This episode of America’s Lost Treasures finds hosts Curt Doussett and Kinga Philipps in Philadelphia, PA, at the Franklin Institute Science Museum where Philadelphians have brought them their best heirlooms and treasures to share. Out of the many fascinating artifacts, Curt chooses a seal owned by Robert Morris, one of our founding fathers and the financier of the revolution, a pistol believed to have been used to kill Alexander Hamilton in his notorious duel with former Vice-President Aaron Burr in 1804, and finally a Ford Huckster truck from 1930 that many families used to make a living during the Great Depression. Kinga also makes some great finds, with an artist’s proof made from an engraving for the first Washington dollar bill, a dress believed to be from the Victorian era, and props used by the first great American stage actor, Edwin Forrest.

To determine his pistol’s authenticity, Curt takes it to Delia’s Gunshop, where gun expert Fred Delia attempts to confirm that this is the pistol that killed Alexander Hamilton. Curt brings the owner, Bob, who duels with the expert verbally. Though Fred confirms that the gun was made in the correct time period, is it truly the gun that shot Alexander Hamilton in his famous duel? Next Curt and owner of the Ford Huckster, Ron, pay a visit to the famous Simeone Automotive Museum. There, museum owner and car expert Fred Simeone inspects the truck and takes the beautifully restored car for a test drive with Curt. While is a great looking restored car, there is some question as to its overall value. Finally, Curt brings the Robert Morris seal to the famous Historical Society of Pennsylvania where expert Lee Arnold gives him access to the documents that built our nation. They look through hundreds of Robert Morris documents, but can they match any of the document stamps to Curt’s seal?

Meanwhile, Kinga takes the dress to Drexel University to show Clare Sauro, curator of the costume collection there.  Surprisingly, Clare tells her that it is actually from the Edwardian period, which follows the Victorian period. Kinga also takes her artist’s proof for the first dollar bill to Conservation Center for Art and Historic Artifacts. The experts there worked on the restoration of the Declaration of Independence and the Constitution. If they can authenticate the proof, and confirm that it is truly an Alfred Sealey engraving back in 1869, then Kinga truly has a great lost treasure on her hands. For her final expert visit, Kinga takes a trip to the Walnut Street Theatre, America’s oldest theatre. There she meets Bernard Havard, one of the country’s leading theatre producers. He tells her more information about the first great American stage actor, Edwin Forrest.

Which items will Kinga and Curt select to make it into the final showdown? And which is worthy of making it into the National Geographic Museum? Tune in to find out!

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Don’t miss America’s Lost Treasures: Philadelphia tonight, August 1st at 10P et/pt.

Comments

  1. Bill
    philly
    August 2, 2012, 7:55 am

    kinga is so hot ..only reason I keep watching..wow!

  2. Crystal Lagunas
    San Antonio
    August 2, 2012, 5:12 pm

    Hi I have a couple of really old antiques. For example I have a very old projector that’s in really good condition but I’ve never tried to see if it works. Can you give me some advice on where you think I could sell it or at least see how much it’s worth.. Please Help…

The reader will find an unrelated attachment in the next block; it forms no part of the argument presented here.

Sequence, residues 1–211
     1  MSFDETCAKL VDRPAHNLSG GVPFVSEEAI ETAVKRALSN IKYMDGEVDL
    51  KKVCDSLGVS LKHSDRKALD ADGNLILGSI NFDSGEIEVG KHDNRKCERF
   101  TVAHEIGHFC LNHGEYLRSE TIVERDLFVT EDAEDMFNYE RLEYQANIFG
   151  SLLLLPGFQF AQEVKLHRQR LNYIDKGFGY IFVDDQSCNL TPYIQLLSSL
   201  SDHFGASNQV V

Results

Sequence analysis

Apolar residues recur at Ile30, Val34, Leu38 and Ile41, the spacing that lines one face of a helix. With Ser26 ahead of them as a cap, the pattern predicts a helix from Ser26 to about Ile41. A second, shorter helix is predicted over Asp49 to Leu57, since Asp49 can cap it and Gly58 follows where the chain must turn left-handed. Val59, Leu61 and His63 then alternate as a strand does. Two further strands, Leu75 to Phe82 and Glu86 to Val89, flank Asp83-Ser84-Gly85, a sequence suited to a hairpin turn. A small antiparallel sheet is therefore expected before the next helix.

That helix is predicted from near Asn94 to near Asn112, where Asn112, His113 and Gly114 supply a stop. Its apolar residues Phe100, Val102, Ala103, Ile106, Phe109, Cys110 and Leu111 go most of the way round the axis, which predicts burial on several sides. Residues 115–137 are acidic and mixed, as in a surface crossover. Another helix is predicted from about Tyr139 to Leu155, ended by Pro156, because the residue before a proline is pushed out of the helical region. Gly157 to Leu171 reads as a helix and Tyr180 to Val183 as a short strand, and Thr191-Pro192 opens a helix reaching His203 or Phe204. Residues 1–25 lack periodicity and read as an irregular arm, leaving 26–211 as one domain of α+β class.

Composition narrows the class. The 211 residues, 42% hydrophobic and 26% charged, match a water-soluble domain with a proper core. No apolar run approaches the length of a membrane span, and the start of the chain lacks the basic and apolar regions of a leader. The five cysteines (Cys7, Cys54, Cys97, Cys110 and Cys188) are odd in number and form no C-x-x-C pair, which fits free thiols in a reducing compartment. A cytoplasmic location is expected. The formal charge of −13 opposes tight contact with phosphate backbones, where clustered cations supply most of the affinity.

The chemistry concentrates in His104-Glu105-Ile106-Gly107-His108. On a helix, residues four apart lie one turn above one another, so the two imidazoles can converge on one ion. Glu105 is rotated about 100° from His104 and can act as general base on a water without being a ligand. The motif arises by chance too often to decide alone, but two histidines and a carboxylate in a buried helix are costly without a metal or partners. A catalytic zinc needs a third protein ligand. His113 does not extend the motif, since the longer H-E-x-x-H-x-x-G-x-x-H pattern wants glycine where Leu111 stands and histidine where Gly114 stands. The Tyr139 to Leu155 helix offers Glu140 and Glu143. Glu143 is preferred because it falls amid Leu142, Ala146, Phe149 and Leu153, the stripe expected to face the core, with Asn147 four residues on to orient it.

3. Ann
    United States
    August 3, 2012, 1:00 am

    I generally love shows about antiques and collectibles, so I was really looking forward to this series on NatGeo. Unfortunately, I find the hosts to be completely inept, silly and frankly, embarrassingly ignorant about virtually all forms of antiques. Please, consider finding hosts who know even the very first thing about their subject matter and lose the silly competition.

  4. Beth
    Wilmington DE
    August 5, 2012, 12:21 pm

    Ann is so very right. The comments by his hosts show their ignorance. I like the idea of the show but get some hosts with experience in antiques and history.

  5. Amy
    New Orleans
    August 8, 2012, 6:07 pm

    Ditto! I enjoyed seeing the antiques and hearing the experts give their opinions, but the hosts leave much to be desired.

  6. KC
    PHIL.
    August 14, 2012, 10:05 pm

    NatGeo has the reputation for fine educational programming, however I must agree with previous posts concerning hosts. Did not understand the qualifications of your experts and more time should have been allowed to explain provenance. Should have a peoples choice award.

  7. GoddessOdd
    Florida
    August 22, 2012, 11:50 pm

    I want to love this show, and I think I would, but the hosts just ruin the experience for me. Neither of them comes across as expert in any subject, and I could probably get over that, if either was likeable. Kinga in particular bothers me, in no small part because she looks like she was recently sprayed with a generous coating of WD40, from stringy hair to shiny skin. Honestly, I can’t believe I am commenting negatively about physical appearance, but greasy is just too off putting not to notice. When she hugs someone, I expect them to recoil, or have a grease stain wherever she touched them. I find myself thinking more about how and why Kinga is so greasy than about the “treasures”. This show deserves better hosts… have you asked Alan Alda if he’s available?

  8. Lello
    kansan
    November 24, 2012, 5:16 am

    This show sucks.. No one cares. The hosts sucks too.
    A pathetic attempt to jump in the bandwagon of shows such as storage wars, pickers etc.

    NatGeo is really on a losing streak..